"That's why I suggest, very inexpensive to do, a national referendum on only one question: pipelines, yes or no?"
Reality TV host and prospective Conservative leadership candidate Kevin O’Leary is proposing a polarizing “yes or no” national referendum on pipelines.
“We’re stuck in a federal-provincial debate on that and we have to take the decision to the Canadian people through referendum,” the longtime resident of the United States recently told BNN’s Business Day.
He elaborates that his proposed referendum would be “very inexpensive” and would consist of “only one question: pipeline, yes or no?”
“What we need now more than anything else … are pipelines east and west,” O’Leary says, adding he has a simple response to provincial and municipal officials (and, presumably, First Nations) concerned about pipelines crossing their jurisdictions: “I don’t care what they think.”
Here is a short list of problems with O’Leary’s national referendum proposal:
1. There is more than one pipeline being considered
Although O’Leary’s referendum consists of “only one question,” in reality, several different pipelines are being considered, each with unique concerns – O’Leary says himself he wants to build multiple pipelines travelling in two different directions.
Would a single “yes or no” vote be the most effective way of gaining approval for all pipeline proposals? What if voters like one pipeline, but not another? Does voting “yes” grant approval for any future pipeline proposals? So many questions!
2. A referendum would, in fact, be a very expensive waste of money
O’Leary holds up “Switzerland” as an example, but referendums hold zero legal weight in Canada as final decisions ultimately fall to democratically-elected governments. As the late political science professor Don Rowat observed:
“The other meaning of the word, and the one now meant in Canada, is the reference of a question to a popular vote, which is not binding on the government or legislature that referred it. A government or legislature may ignore the result and they have often done so. Thus the non-binding referendum is merely a kind of expensive public opinion poll.”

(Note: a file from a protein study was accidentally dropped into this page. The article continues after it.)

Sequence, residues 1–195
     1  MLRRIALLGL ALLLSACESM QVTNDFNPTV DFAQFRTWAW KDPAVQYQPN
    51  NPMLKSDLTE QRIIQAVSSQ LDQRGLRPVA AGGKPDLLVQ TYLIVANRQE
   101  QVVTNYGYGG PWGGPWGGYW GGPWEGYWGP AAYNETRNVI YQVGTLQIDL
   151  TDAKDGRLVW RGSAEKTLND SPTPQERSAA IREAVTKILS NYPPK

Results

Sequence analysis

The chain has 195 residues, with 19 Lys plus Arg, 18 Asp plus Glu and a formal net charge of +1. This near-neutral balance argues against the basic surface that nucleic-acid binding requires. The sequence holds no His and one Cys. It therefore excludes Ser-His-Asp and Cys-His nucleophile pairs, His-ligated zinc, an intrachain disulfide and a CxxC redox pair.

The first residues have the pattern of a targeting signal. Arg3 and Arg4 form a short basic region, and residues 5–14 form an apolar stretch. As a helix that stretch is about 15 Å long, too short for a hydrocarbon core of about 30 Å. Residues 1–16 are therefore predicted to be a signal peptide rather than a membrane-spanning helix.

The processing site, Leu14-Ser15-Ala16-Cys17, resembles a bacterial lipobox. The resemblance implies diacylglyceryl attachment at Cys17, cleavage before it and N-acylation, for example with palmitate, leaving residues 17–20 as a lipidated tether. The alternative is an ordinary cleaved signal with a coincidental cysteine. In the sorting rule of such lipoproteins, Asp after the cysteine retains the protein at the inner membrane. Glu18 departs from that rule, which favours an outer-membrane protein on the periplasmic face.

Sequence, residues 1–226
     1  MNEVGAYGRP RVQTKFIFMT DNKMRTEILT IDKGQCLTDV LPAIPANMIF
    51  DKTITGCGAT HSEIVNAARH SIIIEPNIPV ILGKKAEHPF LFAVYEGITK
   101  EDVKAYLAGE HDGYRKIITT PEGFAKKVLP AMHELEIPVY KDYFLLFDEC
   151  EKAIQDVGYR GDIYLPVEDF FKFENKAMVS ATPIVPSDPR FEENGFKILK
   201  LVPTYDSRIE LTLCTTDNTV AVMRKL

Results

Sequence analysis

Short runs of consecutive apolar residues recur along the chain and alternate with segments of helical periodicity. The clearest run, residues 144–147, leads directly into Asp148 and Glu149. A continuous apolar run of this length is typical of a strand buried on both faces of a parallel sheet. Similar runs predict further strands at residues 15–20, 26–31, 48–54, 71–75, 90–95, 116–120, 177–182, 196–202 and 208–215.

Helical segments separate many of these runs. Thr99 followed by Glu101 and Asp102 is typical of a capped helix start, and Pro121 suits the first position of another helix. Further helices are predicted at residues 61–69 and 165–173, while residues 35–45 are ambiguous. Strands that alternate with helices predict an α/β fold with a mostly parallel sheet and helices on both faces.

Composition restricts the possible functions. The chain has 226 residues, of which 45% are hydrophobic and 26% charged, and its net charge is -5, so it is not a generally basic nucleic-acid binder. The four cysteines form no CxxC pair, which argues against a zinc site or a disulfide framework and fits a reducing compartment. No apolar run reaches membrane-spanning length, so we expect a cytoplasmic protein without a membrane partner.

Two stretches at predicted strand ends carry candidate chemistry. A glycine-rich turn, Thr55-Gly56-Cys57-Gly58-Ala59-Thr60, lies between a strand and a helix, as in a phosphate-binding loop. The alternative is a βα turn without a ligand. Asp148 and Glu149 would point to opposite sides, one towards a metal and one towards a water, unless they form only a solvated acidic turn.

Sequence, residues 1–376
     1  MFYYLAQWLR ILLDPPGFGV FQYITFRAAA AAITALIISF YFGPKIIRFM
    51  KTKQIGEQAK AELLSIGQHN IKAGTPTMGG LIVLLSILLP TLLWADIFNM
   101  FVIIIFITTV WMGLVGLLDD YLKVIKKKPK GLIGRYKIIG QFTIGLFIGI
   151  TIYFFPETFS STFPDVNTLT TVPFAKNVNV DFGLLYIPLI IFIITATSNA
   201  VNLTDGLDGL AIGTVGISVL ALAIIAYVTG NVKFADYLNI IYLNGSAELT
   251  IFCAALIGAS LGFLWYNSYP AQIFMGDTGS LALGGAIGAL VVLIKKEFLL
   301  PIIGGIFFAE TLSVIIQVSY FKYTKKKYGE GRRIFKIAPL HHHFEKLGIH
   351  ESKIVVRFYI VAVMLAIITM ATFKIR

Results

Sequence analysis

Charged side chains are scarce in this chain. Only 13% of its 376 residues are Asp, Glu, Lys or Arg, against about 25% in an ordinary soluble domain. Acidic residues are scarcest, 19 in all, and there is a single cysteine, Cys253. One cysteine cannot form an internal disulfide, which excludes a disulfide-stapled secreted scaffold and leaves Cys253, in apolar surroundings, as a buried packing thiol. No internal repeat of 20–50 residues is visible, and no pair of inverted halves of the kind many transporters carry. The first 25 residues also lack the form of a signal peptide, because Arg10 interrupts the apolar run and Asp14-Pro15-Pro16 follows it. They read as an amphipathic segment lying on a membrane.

It’s unclear how much O’Leary thinks his referendum would cost, but the referendum on the Charlottetown Accord cost $165 million in 1992 dollars.
3. It’s probably illegal
In addition to bypassing the National Energy Board’s approval process, environmental regulations and First Nations land title, O’Leary’s proposal may infringe on several areas of provincial jurisdiction.
4. It’s not clear O’Leary would win a referendum
Numerous polls conducted over the last few years show Canadians are increasingly skeptical of proposed pipeline projects.
In British Columbia, 46% said they opposed Kinder Morgan’s TransMountain pipeline expansion while 42% were in support. Meanwhile, 52% oppose Enbridge’s Northern Gateway pipeline compared to only 41% who support it.
In Kitimat, BC (Northern Gateway’s final destination) a non-binding plebiscite saw residents vote overwhelmingly against the pipeline in 2014.
5. Even oil companies agree ignoring concerns is the worst possible way to get pipelines built
Today, many Canadian oil companies fully acknowledge this “polarized debate about energy” did not advance their interests. They now see a more “collaborative approach,” including improving their “environmental credibility,” as critical if they hope to “expand market access nationally and internationally.”
6. The railway was built with the consent of provinces
O’Leary also points to “the railway” built “hundreds of years ago” as an example of a national project that didn’t allow provincial squabbling to get in the way of something that was “good for Canada.”
In fact, the construction of an intercolonial railway was “essential” to bringing Nova Scotia and New Brunswick into confederation, while the construction of the transcontinental Canadian Pacific Railway was a key condition for British Columbia joining confederation in 1871.